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Widows Need Dignity, Not Charity

By October this year, 1,000 widows in Vrindavan will have a decent place to live. Much before that several ‘ashrams’ there which are home to thousands of destitute women will have Water Purifying Systems, solar power plants and many other facilities. The huge shelter home to be constructed by the Union Women and Child Development Ministry and the facilities announced by the Akhilesh Yadav-government just this week will, no doubt, bring some relief to thousands of women who have made the streets of Vrindavan their home for years. But these women need much more than just this. Help comes to widows as charity and not out of a sense of responsibility towards them or because they deserve to live with dignity. Whatever is being done by the governments appears to be too little, too late. So far, whatever efforts have been made are by non-governmental organizations. These, too, are in silos, not concerted and coordinated.

Many groups working for the welfare these widows have often disagreed with each other. While some work on the policy of empowering women by making them economically independent, there are others who believe many of these are very old to be skilled now and need monthly maintenance in addition to shelter and medical facilities. Just as the Union Women and Child Development Minister Maneka Gandhi laid the foundation of the 1,000 capacity special shelter home under ‘Swadhar Greh Scheme’—the largest one to be established or funded by the government – social activist Mohini Giri shot off a letter to the Minister asking her to ensure that the women were skilled and empowered and not made dependent on doles as was being done by Mr Bindeshwar Pathak.

Reminding Ms Gandhi that as Minister for Social Justice and Empowerment, she had funded shelter homes for widows including Ma Dham – being managed by her – Ms Giri said that over 2000 women had been empowered by imparting skills at the homes and many of who were now employed or self-employed. There was also a huge sanitary napkin collection centre which sold sanitary napkins in the rural areas at a cost of Re 1 per piece. Ms Giri has further reminded the Minister that there were five other shelter homes in Vrindavan which needed much to be desired and asked her to make a surprise check at these homes so that the real condition of these shelter homes is known. She points out that these were being run by the tax-payers money and hence needed to be held accountable.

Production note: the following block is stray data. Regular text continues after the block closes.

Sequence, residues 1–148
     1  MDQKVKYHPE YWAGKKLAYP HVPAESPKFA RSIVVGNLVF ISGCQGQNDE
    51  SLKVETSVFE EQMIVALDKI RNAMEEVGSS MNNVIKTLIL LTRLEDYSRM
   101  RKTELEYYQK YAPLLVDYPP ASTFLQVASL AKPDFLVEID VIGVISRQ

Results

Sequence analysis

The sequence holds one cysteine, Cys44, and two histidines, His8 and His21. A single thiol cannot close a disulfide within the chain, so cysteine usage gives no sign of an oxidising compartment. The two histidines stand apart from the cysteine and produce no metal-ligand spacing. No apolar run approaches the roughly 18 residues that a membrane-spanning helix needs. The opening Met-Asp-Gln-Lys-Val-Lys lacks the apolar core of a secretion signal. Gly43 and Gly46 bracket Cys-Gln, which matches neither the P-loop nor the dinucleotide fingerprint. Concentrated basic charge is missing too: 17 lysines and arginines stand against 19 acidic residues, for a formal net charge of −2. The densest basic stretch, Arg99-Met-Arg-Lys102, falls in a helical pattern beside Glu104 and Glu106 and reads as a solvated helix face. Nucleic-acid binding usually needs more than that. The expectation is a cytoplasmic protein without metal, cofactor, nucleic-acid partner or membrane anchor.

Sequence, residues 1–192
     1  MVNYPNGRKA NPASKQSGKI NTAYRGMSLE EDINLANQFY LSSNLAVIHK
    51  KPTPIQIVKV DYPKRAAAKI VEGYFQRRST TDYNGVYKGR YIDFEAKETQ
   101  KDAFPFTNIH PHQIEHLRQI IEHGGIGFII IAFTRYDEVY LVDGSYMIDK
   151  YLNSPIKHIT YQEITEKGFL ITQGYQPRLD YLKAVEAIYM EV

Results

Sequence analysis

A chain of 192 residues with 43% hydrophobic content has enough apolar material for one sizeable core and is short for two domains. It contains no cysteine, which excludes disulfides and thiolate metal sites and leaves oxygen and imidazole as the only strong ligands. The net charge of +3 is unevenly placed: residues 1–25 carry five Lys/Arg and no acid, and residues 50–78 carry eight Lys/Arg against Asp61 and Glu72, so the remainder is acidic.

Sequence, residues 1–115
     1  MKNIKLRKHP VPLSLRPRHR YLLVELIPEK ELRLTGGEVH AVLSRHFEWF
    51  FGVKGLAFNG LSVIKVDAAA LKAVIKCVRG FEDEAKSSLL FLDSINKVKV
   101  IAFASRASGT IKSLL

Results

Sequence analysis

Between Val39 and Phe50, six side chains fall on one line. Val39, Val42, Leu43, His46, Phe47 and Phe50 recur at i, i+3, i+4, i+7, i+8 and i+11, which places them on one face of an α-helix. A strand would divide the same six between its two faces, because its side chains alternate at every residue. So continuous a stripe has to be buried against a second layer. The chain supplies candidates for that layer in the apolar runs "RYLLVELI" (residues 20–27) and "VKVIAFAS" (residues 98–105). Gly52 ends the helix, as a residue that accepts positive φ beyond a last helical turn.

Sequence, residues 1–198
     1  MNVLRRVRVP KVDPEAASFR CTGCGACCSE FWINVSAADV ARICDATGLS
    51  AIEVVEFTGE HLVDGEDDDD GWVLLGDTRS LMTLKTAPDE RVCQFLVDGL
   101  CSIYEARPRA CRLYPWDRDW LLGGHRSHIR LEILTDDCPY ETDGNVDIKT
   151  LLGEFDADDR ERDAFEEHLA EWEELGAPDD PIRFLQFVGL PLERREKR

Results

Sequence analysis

Regretting to inform that these widows had picked up a habit of picking up doles and collecting charity by way of Rs 2,000 being distributed by Mr Bindeshwar Pathak. “”While I appreciated the sentiment behind the doles, this has transformed many widows into lazy women and are not willing to be empowered,”” she said while adding that they collected the doles given as sarees, utensils, blankets and such things which were then sold in the market instead of being used while in some case the children of these women came every month to collect the cash while suggesting that empowering women was more sustainable and dignified than living on charity. Mr Pathak  has been giving cash in addition to other facilities to over 2,000 widows in Vrindavan and Varanasi after the Supreme Court directed his organization to provide welfare of the widows.

The government’s, on their part, have failed to rise to the occasion and draft a concrete policy or scheme for rehabilitation of these hapless women. In fact, the only time the governments intervened was when the Supreme Court called for a survey of the shelter homes and the condition of women living in there. The report presented a pathetic condition of the women – particularly after death as the report revealed bodies of these women were chopped to pieces and disposed off in garbage as there was no provision for their cremation, and no one would spend money on this. These women have been there for decades—surviving on alms, charity and pity. The U.P Government never considered that these women needed more than charity, and neither did the other State from where they come, particularly West Bengal from where more than 80 per cent of these women come. Ideally, respective State governments should ensure that destitute, abandoned and widows are looked after by the state by rehabilitating women who are abandoned by their children or who do not want to live with their families, and ensuring that they are skilled to earn a dignified living and their legal rights are protected.”

By TIS Staffer
the authorBy TIS Staffer

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